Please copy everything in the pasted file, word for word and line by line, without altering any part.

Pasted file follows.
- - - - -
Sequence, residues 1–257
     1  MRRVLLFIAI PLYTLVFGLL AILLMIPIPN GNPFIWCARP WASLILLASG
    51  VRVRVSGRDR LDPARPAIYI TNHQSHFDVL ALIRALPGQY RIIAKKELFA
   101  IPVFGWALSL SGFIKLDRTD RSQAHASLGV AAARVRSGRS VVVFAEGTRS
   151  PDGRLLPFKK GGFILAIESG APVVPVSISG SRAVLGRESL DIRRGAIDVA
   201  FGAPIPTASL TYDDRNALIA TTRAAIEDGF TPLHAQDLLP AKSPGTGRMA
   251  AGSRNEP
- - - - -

Sequence, residues 1–257
     1  MRRVLLFIAI PLYTLVFGLL AILLMIPIPN GNPFIWCARP WASLILLASG
    51  VRVRVSGRDR LDPARPAIYI TNHQSHFDVL ALIRALPGQY RIIAKKELFA
   101  IPVFGWALSL SGFIKLDRTD RSQAHASLGV AAARVRSGRS VVVFAEGTRS
   151  PDGRLLPFKK GGFILAIESG APVVPVSISG SRAVLGRESL DIRRGAIDVA
   201  FGAPIPTASL TYDDRNALIA TTRAAIEDGF TPLHAQDLLP AKSPGTGRMA
   251  AGSRNEP